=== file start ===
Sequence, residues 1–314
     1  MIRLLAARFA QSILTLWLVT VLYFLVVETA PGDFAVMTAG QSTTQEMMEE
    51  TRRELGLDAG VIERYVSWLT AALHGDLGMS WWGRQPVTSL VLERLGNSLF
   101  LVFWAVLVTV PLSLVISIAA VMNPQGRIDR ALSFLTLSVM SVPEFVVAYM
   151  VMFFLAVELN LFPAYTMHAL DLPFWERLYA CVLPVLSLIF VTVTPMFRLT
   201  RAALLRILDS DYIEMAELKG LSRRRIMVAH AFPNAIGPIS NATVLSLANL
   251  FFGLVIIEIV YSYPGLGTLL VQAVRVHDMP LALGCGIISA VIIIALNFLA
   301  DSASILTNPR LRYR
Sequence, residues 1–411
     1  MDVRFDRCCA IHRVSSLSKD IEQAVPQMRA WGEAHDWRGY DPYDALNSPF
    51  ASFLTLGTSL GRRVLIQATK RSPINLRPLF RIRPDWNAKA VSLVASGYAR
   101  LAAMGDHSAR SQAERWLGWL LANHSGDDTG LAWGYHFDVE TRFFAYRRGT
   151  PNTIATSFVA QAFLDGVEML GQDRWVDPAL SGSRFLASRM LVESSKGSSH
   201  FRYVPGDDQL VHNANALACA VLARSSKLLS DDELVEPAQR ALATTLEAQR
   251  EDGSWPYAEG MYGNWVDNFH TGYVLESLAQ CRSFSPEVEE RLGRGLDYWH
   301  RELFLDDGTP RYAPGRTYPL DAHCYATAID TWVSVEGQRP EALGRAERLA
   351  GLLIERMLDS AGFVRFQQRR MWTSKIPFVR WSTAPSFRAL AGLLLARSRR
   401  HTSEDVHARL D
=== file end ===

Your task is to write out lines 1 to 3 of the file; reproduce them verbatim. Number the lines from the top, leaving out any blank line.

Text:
Sequence, residues 1–314
     1  MIRLLAARFA QSILTLWLVT VLYFLVVETA PGDFAVMTAG QSTTQEMMEE
    51  TRRELGLDAG VIERYVSWLT AALHGDLGMS WWGRQPVTSL VLERLGNSLF